Review: A Look Back At The 'Mid90s,' Without A Point Of View Jonah Hill writes and directs this semi-autobiographical coming-of-age tale about a boy who embraces skater culture; the film faithfully documents the era, but offers no point of view.
NPR logo In 'Mid90s' Jonah Hill Looks At Skater Culture Through A Lens, Blankly

Review

Movie Reviews

In 'Mid90s' Jonah Hill Looks At Skater Culture Through A Lens, Blankly

She said see you later boy: Stevie (Sunny Suljic) stars in Jonah Hill's Mid90s. Tobin Yelland/A24 Films hide caption

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Tobin Yelland/A24 Films

She said see you later boy: Stevie (Sunny Suljic) stars in Jonah Hill's Mid90s.

Tobin Yelland/A24 Films

In the political world, the term "astroturfing" refers to a protest movement that's made to appear like an organic expression of grassroots anger, but reveals itself to be bankrolled by deep-pocketed organizations. (It's derived from AstroTurf, the synthetic carpeting that stands in for natural grass in some sporting venues.) Though the term has been abused by partisans and conspiracists inclined to slag political adversaries as paid protestors, it's still an evocative shorthand for faux-authenticity, the "fuzzy concrete" that stands in for the brilliant green emerging from the soil.

Written and directed by Jonah Hill, Mid90s is an astroturf movie, though it's spackled with enough truth to feel like the real thing. Based on Hill's own past as a teenage misfit who carved out a place for himself in L.A.'s skateboard culture, the film is a crude assemblage of popular influences — some from filmmakers like Martin Scorsese and Gus Van Sant, who have cast Hill as an actor, and some from indie touchstones from his youth. It's like Larry Clark's Kids by way of Kevin Smith's Clerks by way of the pop-driven unruliness of early Scorsese films like Mean Streets and Who's That Knocking at My Door. Shot in "Academy ratio," which here resembles the boxiness of pan-and-scan home video, the film's modesty is belied by the soundtrack, with a score by the Oscar-winning team of Trent Reznor and Atticus Ross, and expensive cuts from Nirvana, Pixies, Cypress Hill, and the Wu-Tang Clan.

The overall effect is a film where the personal and the packaged are difficult to parse out, because Hill seeks (and often achieves) the unvarnished feel of rootless street kids, but comes at the material from the conspicuous vantage of a popular Hollywood actor. Mid90s can't have the bolt-from-the-blue quality of Clerks, because he's not an outsider anymore, so the best he can manage is a tone of bittersweet nostalgia, which creates its own set of problems.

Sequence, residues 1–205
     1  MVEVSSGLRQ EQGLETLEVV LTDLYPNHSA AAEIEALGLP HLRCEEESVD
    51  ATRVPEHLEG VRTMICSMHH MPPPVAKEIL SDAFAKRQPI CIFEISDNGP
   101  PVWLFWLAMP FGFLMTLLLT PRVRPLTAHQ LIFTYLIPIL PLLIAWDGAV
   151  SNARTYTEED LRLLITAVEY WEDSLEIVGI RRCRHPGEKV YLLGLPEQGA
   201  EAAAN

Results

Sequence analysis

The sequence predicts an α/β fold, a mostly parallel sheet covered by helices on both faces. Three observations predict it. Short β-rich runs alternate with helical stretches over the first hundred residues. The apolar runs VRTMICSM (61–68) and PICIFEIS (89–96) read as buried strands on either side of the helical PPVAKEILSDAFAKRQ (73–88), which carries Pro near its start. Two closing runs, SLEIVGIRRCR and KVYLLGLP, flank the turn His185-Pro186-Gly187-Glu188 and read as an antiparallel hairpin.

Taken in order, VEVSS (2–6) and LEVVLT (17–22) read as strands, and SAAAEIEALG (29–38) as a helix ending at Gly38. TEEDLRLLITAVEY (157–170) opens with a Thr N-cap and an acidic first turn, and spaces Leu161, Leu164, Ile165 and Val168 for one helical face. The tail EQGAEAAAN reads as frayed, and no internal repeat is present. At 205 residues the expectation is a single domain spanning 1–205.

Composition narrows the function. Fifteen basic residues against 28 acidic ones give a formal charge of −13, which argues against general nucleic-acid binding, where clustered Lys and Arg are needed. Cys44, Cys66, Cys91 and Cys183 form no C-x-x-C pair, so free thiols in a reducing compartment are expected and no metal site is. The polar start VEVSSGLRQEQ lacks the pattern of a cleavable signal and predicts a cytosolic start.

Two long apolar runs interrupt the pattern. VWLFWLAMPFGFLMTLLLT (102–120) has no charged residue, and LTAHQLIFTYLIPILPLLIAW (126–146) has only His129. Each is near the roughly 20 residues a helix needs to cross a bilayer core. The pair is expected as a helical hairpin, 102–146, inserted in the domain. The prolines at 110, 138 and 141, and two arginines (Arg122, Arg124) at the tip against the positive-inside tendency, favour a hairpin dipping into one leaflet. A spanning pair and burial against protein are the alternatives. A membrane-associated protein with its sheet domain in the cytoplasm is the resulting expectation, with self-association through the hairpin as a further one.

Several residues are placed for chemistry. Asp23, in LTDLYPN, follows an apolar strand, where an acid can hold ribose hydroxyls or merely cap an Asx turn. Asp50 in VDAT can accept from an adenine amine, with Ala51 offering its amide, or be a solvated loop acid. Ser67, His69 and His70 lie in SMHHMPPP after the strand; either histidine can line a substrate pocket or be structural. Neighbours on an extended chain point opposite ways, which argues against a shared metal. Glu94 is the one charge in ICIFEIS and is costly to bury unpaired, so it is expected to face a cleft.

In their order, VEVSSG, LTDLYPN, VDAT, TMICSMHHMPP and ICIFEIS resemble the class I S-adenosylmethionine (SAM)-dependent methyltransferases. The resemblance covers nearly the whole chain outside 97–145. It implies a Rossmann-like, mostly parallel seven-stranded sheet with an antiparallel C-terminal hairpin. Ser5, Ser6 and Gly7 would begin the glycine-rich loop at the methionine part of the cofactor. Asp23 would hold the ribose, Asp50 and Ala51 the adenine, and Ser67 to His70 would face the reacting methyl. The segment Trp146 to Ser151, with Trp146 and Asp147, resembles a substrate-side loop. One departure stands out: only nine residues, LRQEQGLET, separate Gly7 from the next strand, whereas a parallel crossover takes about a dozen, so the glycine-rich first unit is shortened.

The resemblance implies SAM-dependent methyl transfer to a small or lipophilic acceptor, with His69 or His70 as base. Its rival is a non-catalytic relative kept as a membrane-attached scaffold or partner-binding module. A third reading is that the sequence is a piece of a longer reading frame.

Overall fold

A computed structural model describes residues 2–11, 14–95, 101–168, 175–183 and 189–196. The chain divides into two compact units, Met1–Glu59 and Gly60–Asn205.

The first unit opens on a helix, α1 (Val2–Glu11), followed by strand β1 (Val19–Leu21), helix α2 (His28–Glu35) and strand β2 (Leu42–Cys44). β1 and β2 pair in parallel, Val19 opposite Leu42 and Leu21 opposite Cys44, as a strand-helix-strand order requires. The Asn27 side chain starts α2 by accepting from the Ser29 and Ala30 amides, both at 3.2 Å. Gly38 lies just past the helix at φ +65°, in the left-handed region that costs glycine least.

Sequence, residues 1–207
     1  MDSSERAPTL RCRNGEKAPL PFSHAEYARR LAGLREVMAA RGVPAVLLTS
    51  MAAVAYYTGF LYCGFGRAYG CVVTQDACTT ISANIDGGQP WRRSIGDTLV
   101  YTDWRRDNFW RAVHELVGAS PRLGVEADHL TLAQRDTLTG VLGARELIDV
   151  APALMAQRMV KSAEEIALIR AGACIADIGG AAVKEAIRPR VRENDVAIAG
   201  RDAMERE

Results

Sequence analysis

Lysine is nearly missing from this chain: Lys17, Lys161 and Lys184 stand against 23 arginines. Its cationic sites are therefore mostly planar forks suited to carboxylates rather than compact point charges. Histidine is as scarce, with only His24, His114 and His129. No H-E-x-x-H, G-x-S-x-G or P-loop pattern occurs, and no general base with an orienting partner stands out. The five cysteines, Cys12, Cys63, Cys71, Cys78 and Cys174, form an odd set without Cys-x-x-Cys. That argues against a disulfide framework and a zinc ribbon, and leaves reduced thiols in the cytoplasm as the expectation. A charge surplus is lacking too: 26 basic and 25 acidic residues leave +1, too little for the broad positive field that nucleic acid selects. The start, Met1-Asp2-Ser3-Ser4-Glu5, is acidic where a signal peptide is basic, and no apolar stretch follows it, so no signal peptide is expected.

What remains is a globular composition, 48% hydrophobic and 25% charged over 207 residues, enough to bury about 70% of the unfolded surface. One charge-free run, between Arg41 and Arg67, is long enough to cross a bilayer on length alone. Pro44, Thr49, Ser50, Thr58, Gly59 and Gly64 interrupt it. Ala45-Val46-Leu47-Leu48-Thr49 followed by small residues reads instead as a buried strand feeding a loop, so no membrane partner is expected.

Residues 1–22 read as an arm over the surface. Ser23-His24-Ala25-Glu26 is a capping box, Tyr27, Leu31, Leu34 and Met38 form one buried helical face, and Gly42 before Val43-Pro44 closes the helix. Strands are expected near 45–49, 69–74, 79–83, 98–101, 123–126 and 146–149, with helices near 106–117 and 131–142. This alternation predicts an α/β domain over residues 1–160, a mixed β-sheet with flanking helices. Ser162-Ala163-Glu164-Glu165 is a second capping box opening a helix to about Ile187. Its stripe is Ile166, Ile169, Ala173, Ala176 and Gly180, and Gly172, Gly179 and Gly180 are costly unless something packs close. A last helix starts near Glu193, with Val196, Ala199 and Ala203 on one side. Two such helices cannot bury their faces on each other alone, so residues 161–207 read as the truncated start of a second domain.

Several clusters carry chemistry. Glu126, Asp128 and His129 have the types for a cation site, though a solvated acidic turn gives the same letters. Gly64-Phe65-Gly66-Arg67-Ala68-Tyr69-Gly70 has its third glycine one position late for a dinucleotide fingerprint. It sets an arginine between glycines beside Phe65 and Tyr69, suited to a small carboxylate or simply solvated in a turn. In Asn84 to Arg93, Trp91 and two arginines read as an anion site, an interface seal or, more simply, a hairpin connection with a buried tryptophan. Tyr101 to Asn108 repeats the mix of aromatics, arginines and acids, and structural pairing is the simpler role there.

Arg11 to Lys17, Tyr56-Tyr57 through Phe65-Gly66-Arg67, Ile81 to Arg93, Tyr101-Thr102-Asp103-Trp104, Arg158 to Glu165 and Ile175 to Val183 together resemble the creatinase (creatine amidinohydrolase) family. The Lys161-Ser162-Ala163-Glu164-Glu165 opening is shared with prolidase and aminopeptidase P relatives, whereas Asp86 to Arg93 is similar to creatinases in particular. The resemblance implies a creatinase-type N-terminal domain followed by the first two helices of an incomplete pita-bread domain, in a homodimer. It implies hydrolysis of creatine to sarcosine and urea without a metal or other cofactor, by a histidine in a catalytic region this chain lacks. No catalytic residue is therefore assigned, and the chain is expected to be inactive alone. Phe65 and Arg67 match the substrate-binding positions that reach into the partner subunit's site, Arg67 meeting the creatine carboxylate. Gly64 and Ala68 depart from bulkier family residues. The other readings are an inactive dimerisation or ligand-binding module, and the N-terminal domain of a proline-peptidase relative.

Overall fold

Hill does well to cast the gifted child actor Sunny Suljic as his surrogate, not least because Suljic's tremulous 13-year-old Stevie looks significantly younger than his age, the runt of a middle-school litter. With his single mother Dabney (Katherine Waterston) too busy to supervise the house, Stevie's older brother Ian (Lucas Hedges) beats on him relentlessly, in part to salve his own insecurities among kids his age. After stumbling into Motor Avenue Skateshop, Stevie finds himself drawn into the loose talk and casual derring-do of skateboarding culture and soon tries to ingratiate himself with the boys who hang out around the store. Though he suffers through a few hazing rituals on top of the scrapes of an amateur on wheels, Stevie gets accepted by the group and starts to see them as a surrogate family, with the older Ray (Na-kel Smith) as their de facto ringleader and father figure.

Mid90s is perceptive about the dangerous impressionability of youth: Stevie doesn't have the confidence to define himself and set boundaries, so he gloms onto whatever he thinks is cool — whether that's his brother's posters and CD collection or the boozy, skirt-chasing, trouble-seeking rebellion of skater boys. He embraces nonconformity with the zeal of a true conformist. It's fortunate that this gang accepts him and protects him like the wayward child he is, because he'd happily follow them off the edge of a cliff.

The prevailing feeling of Mid90s is Hill's affection and gratitude for the love and acceptance he received from skater culture, which tracks with other films about the tight communities that build up around skate parks and empty swimming pools behind chain-link fences and "No Trespassing" signs. What it lacks, however, is perspective: It's not enough for Hill to simply capture the period and dialogue and leave it at that. He doesn't seem to have a point of view on the casual misogyny and homophobia that courses through the conversation like a wellspring, or what kind of men a culture like that might produce. He can only see them as a refuge from broken lives.

By contrast, the superb Hulu documentary Minding the Gap goes that one step further by not only emphasizing the closeness of teenagers escaping poverty and abuse at home, but also how difficult it can be to break out of the cycle. Stevie's friends may help escort him through the trials of adolescence, but Hill is content to leave it there, rather than grapple with the less savory aspects of skater culture or the ragged young adulthoods that might have grown out of it. The best period pieces, like Dazed and Confused or American Graffiti or Diner — to name three more influences on Mid90s — address the past with an eye toward an uncertain and troubling future. Hill cares merely to memorialize it.